The success of Cisco Collaboration in general, and Spark in particular, is in large part dependent on Cisco’s sales strategy and channel partners. Some of the value-added opportunities for Cisco channel partners include packaged offers, integrations, hybrid services, network assessments, adoption services, consulting, application development, support/lifecycle, and business process consulting (business process integration).
In this video interview, Andy Dignan, Sr. Director of Cloud Collaboration Sales and Go To Market, discusses Cisco Collaboration Group’s go-to-market strategy, as well as how Spark Hybrid Services will be delivered by Cisco’s various types of channel partners.
The new Spark Service capabilities, as well as the open platform that enables developers to create innovative applications and integrations, is very intriguing, and I believe that Cisco has a real winner on its hands. Cisco is now in direct competition with UCaaS companies like RingCentral and 8x8, as well as providing a more compelling response to Microsoft’s recent Office 365 announcements.
That being said, there were a lot of questions and concerns about the future of Jabber, although Cisco made it clear that Jabber is not going away any time soon and that there are different use cases for Spark and Jabber. For one, Spark is cloud-based and Jabber is premises-based, and there are still many companies that for various reasons aren’t willing to move to the cloud and still require Jabber.
One issue I found with Spark is that it doesn’t provide presence capabilities. While Trollope and others downplayed the importance of presence, I believe it’s very important for productive real-time communications. Another issue is the potential for “room explosion,” as each interaction opens or adds to a Spark Room. While Cisco discussed search and filtering capabilities to make it easier to find the information and people in various rooms, I could easily see Spark being challenged by some of the problems we currently have with email today.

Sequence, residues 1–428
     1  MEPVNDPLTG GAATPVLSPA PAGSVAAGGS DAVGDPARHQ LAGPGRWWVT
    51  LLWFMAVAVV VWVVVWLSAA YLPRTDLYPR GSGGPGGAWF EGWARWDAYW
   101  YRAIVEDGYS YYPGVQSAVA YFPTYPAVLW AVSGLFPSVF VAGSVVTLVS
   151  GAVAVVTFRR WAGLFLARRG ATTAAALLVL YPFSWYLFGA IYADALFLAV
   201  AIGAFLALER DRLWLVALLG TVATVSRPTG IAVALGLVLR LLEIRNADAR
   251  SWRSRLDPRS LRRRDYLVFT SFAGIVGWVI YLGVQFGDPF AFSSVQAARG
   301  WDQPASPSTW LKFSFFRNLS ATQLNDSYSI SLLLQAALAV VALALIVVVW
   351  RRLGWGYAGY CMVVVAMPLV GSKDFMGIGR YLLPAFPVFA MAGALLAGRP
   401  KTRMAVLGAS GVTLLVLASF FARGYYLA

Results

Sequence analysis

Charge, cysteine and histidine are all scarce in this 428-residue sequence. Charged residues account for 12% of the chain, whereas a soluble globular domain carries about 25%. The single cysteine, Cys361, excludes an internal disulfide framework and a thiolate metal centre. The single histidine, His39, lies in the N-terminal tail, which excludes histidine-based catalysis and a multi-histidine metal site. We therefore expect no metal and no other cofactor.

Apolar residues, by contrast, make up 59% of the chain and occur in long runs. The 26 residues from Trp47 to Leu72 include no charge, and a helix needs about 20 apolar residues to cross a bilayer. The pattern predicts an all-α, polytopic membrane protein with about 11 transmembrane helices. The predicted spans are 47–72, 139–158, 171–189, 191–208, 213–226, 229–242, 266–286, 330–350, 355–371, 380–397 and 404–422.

Other issues also need to be addressed, such as the future of WebEx, which I expect will become part of Spark in the next year or two, as well as the impact of the Spark Service on Cisco HCS service provider partners. For the short term, I see HCS as being targeted to large enterprises, while Spark is targeted at small and mid-sized businesses. However, I would expect to see the Spark Service eventually scale to meet the needs of larger organizations, which will impact HCS.
I found it very interesting when Rowan Trollope told the audience that “UC is a great idea, but in the hands of the user it never really delivered on the promise.” He added, “Phones and video were designed long before the cloud and mobile,” and that “today’s experience is far from magical and simple.” I have to agree that UC for the most part hasn’t delivered on the promise – there’s no unification and communications and collaboration is still too complex. However, I don’t believe that Spark is the panacea – it adds yet another interface and another place to go for messaging and collaboration. Email is still separate, and workers still rely on multiple messaging applications and platforms that are not integrated. While Spark’s open APIs will make it easier for application developers to create integrations with business processes and applications, we’ll have to see if Spark really does provide the magical experience we’re all hoping for.